IAS Gyan

Daily News Analysis


14th November, 2022 Polity and Governance

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In News

  • The Union Tribal Affairs Ministry decided to go ahead with its plan to build new Eklavya Model Residential Schools (EMRS) on 15 acres of land in all sub-districts which have Scheduled Tribe (ST)communities of more than 20,000 people, who make up at least 50% of their total population.
    • Recently the Parliamentary Standing Committee on Social Justice and Empowerment recommended an immediate review of these criteria, pointing to significant difficulties in identifying and acquiring lands in several districts, especially in forested or hilly areas.
    • The present criteria would also deprive scattered ST populations of the benefit of the Eklavya schools.
  • The Tribal Affairs Ministry is pushing ahead; with officials in the National Education Society for Tribal Students (NESTS) saying that there is no process as of yet to even review the guidelines as suggested by the Standing Committee.
    • Tribal Affairs Secretary said that “These criteria were decided and finalized by the Cabinet and we intend to go ahead with it.”


Eklavya Schools
  • Eklavya schools established by the Union Ministry of Tribal Affairs to promote education among Tribal students are facing a shortage of teachers.
  • Eklavya Schools were started in the year 1997-98 to provide quality education to Schedule Tribes (STs) children in remote areas.
    • The aim was to enable Tribal students to utilize opportunities in high and professional education courses and get employment in diverse sectors.
    • According to the data released by the Ministry, nearly 4,000 teachers have been appointed across the 378 schools, of which nearly 70% are either on contract or deputation from State government schools.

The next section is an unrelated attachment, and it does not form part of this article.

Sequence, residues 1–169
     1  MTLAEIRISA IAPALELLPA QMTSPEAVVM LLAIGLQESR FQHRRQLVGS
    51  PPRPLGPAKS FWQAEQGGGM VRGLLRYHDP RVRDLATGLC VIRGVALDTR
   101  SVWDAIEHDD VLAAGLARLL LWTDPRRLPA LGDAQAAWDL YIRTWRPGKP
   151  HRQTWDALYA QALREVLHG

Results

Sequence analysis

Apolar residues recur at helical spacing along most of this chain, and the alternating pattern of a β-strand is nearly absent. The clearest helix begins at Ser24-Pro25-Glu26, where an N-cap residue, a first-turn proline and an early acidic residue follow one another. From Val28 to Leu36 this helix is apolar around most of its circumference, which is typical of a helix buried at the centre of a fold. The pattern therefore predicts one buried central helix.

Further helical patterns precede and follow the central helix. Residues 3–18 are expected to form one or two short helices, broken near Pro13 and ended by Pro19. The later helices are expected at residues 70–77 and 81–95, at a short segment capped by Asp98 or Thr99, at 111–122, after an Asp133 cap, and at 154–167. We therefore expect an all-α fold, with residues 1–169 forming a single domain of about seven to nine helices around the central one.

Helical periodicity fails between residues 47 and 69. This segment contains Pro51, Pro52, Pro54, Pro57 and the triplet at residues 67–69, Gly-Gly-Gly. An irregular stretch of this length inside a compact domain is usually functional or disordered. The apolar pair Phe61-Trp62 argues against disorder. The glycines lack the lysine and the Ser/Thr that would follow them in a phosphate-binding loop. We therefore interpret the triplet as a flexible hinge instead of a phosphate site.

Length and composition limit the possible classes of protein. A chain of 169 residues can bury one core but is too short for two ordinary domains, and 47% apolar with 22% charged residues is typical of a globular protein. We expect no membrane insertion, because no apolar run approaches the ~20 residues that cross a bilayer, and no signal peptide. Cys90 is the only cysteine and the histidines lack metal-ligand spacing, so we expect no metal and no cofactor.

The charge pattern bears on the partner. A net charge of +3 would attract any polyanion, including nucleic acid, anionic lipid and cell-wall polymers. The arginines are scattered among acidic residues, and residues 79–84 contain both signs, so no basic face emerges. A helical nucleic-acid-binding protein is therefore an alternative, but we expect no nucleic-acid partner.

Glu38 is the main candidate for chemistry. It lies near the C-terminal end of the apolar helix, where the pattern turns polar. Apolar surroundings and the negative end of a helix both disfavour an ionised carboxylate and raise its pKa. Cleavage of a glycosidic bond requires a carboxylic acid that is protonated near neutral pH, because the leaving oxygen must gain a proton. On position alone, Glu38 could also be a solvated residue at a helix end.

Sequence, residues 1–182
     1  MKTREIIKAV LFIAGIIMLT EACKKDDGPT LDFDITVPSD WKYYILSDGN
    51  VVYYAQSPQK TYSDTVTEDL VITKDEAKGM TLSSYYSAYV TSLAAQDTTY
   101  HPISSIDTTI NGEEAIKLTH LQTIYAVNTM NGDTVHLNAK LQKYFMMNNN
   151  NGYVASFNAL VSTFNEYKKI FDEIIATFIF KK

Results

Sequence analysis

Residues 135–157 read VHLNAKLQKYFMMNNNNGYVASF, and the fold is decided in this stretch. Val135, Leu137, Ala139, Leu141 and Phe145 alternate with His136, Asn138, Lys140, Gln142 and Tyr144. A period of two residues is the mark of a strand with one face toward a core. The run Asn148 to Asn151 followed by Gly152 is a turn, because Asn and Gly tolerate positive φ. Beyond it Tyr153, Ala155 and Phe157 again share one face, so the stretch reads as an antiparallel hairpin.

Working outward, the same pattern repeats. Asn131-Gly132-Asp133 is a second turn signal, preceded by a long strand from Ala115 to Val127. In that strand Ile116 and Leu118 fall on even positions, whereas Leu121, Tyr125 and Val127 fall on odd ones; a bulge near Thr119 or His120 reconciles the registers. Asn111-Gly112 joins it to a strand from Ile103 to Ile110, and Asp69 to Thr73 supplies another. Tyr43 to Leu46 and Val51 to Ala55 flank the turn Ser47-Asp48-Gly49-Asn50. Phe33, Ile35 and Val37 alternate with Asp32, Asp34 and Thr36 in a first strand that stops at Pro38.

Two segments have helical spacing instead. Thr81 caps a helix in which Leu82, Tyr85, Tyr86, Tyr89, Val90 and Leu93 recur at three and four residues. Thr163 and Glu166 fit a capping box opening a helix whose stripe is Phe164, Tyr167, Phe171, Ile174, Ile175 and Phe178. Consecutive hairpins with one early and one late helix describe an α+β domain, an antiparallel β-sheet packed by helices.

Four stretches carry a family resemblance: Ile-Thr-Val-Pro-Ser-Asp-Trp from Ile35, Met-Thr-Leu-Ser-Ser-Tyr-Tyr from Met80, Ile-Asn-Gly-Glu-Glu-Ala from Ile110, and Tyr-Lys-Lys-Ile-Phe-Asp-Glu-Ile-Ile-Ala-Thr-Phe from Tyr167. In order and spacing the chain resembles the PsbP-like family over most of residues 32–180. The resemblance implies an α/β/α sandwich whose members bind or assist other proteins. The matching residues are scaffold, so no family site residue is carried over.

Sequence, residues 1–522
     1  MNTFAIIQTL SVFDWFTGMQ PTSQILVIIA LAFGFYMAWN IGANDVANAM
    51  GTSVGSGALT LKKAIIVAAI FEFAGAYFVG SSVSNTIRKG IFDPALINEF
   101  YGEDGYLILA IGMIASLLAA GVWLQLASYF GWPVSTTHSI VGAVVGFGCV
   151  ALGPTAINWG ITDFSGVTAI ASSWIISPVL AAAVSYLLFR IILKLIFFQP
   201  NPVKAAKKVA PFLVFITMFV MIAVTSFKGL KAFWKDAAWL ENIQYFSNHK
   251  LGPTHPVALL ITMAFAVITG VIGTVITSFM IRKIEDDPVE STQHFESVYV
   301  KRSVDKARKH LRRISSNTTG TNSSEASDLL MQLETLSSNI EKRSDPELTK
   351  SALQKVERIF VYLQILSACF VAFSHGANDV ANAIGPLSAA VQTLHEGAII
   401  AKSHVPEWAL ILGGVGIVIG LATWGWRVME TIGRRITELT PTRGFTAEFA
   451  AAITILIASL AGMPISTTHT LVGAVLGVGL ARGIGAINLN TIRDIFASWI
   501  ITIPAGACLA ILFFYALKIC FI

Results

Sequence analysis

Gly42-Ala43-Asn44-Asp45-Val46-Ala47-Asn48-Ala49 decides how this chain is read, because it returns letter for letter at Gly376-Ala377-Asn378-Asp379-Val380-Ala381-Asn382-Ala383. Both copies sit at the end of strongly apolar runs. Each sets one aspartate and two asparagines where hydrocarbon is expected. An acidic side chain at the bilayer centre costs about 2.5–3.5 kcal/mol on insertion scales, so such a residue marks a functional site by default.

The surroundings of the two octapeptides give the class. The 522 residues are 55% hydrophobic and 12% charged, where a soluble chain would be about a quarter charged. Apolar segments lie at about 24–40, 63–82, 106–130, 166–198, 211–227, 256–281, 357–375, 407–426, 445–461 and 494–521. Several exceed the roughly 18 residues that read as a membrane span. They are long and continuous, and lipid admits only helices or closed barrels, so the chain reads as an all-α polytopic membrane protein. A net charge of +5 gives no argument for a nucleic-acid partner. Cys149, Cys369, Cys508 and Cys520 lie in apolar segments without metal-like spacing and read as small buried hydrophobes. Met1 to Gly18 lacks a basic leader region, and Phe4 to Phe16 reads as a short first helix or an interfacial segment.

• These schools focus on academic education and also ensure the all-around development of the students.
  • Objectives of the Eklavya Schools;
    • Complete physical, mental and social development of all students.
    • Students will be empowered to become change agents, beginning in their school, in their homes, in their village and finally in a larger context.
    • Focus differentially on the educational support to be made available to Students.
    • Construction of infrastructure that provides education, physical, environmental and cultural needs to student life.
  • Structure of the Eklavya Schools;
    • Admission to these schools is through selection/competition with suitable provisions for preference to children belonging to Primitive Tribal Groups, first-generation students, etc.
    • The land provided by the State Government for the school, playgrounds, hostels, residential quarters, etc., is free of cost.
    • The number of seats for boys and girls will be equal.
    • Education will be entirely free in these schools.
    • Every class can have a maximum strength of 60 students preferably in 2 sections of 30 students each.
    • Each school has the strength of 480 students from Class VI to XII.
  • The Union Government provides grants to the State Governments under Article 275 (1) of the Indian Constitution for the construction of schools and other expenses.
  • The Union government has announced that by 2022, every block with more than 50% Schedule Tribes (STs) population and at least 20,000 tribal individuals, will have Eklavya Schools.